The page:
I finished my free throw time and decided to head down to the whirlpool in the Civic Center, to try to lessen the aches and pains that I would feel in my knees in the morning.

While I was in the whirlpool machine, treating my aching muscles, one of the assistants entered the trainer’s room and found me. He told me that Coach Fitzsimmons wanted to meet with me. This wasn’t unusual, by my way of thinking. Coach had been helpful all along to give me pointers on things to work on outside of practice, and now we were approaching the time to leave Savannah and head to Atlanta to start the slate of exhibition games. I showered and dressed quickly and headed up to his hotel room.

“JB, you’ve been a great guy, and it’s been a pleasure to have had the chance to have you with us for the last few weeks.” I nodded and smiled, but the smile melted from my lips as the realization of his use of the past tense began to sink in. My mind began racing, but I snapped out of it just in time to hear, “I’m going to let you go.”

“You’re kidding me,” was all I could manage. It was unthinkable.

“You’ve got a great background, a great education, and I have no doubt that you will do great in the game of life,” Coach Fitzsimmons said.

“Well, that’s all well and fine, Coach. But I wasn’t looking to do any of that right now. I want to play basketball right now in my life. This is what I’m good at. This is my future. Help me understand how I don’t have what’s necessary to make this team.”

He didn’t have a direct answer. He didn’t have to—even though I thought I needed it at that moment. Whatever his answer—the deal was over. It was a matter of the numbers, he said. He simply needed to cut one more player, and I was that one.

I was devastated. Everything around me seemed out of place. It was surreal. There was no scenario I had imagined in which this was the possible outcome. Not one. I hadn’t dreaded heading up to his hotel room, because it was always someone else being released. It certainly wasn’t going to be me.

But this time it was me. The dream was over, already.

I couldn’t imagine what was next. The thought that I wouldn’t make the final roster had been unthinkable for me, when others were making alternative arrangements this summer. Now it was a reality. I hadn’t prepared for, I hadn’t even thought of a fallback plan for my life. College classmates were heading off to law school—no, they had already begun law school, as it was September. I remembered that I had always wondered if I might be interested in law school, but…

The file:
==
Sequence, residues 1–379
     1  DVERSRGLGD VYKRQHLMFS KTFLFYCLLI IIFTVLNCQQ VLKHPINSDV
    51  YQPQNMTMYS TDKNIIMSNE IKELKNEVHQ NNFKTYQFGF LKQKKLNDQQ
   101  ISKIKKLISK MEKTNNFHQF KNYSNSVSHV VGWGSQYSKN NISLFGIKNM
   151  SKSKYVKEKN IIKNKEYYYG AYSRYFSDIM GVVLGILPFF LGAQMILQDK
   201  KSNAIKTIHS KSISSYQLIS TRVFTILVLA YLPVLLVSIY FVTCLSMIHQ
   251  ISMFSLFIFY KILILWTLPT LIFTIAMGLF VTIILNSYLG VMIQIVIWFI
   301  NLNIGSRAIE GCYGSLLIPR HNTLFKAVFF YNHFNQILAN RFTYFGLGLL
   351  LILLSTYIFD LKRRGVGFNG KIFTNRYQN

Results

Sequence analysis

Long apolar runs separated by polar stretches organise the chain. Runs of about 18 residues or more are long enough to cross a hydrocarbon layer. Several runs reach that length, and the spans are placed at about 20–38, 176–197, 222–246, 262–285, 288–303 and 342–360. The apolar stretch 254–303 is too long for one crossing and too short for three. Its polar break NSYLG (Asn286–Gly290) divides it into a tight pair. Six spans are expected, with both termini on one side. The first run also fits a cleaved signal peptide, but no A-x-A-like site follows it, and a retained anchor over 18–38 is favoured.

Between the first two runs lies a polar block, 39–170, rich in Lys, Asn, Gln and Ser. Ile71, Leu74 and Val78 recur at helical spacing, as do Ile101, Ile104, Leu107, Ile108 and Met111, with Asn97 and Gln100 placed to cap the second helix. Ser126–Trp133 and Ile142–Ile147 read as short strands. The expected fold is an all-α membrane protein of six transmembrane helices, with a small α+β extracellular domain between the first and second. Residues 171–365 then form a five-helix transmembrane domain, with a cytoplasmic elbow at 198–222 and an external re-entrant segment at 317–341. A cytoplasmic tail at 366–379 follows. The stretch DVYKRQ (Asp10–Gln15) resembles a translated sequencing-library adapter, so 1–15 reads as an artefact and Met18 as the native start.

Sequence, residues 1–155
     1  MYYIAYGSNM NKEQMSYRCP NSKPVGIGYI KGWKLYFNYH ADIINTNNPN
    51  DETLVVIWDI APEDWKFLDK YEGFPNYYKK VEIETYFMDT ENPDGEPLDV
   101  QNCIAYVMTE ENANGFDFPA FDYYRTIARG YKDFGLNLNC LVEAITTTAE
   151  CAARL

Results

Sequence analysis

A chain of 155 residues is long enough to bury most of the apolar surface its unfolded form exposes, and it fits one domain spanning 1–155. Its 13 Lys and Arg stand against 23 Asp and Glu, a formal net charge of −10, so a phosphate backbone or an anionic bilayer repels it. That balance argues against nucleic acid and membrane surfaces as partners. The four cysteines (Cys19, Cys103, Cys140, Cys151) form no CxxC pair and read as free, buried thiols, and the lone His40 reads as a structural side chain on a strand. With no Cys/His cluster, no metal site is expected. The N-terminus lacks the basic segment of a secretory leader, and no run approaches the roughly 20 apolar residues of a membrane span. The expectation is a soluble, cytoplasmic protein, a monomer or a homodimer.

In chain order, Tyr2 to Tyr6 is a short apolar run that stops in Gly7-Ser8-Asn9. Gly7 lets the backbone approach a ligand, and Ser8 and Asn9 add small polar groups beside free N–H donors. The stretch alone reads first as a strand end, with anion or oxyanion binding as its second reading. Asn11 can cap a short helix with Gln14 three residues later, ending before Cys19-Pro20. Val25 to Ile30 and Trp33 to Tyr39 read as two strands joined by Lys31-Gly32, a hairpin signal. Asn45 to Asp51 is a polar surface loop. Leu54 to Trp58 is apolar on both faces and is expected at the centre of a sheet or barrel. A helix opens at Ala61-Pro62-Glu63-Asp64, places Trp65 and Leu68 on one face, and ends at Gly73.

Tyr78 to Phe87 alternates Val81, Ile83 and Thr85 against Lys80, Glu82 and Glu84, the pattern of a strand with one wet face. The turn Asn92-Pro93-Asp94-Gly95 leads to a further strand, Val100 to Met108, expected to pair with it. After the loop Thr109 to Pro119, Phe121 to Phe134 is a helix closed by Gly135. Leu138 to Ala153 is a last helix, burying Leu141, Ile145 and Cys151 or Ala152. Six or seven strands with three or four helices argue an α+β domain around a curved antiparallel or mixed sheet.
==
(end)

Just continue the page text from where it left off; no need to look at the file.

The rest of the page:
I’m not sure that I said anything else to Coach Fitzsimmons. He was wrong about his choice, I knew that much. He had kept a journeyman veteran over me, a solid player, but I was better. At least that’s how I saw it.

This was so inconceivable. I felt sick, and I could feel my face burning, my eyes beginning to well up. I wondered what I would say to my family and friends. I felt like I was in some kind of free fall, headed toward a future that I couldn’t even conceive. Actually, no kind of future at all, as far as I was concerned. Of more immediate concern right then was getting out of his hotel room before I started to cry.

My bags were mostly packed in my hotel room, as I had kept everything together in anticipation of heading back to Atlanta with the team shortly. I looked around the hotel room, trying to gather any loose items I had left lying around. My stomach was in knots, and I was having trouble thinking clearly.

I knew this was a disaster. That much I could focus on.

The Hawks intern drove me to the Savannah airport, where the franchise would finish its obligations to me with a one-way flight back to DC. He had made these trips before. Now he was taking me. We traveled in silence, the shimmering heat before us, the deafening silence of defeat—my defeat—engulfing us.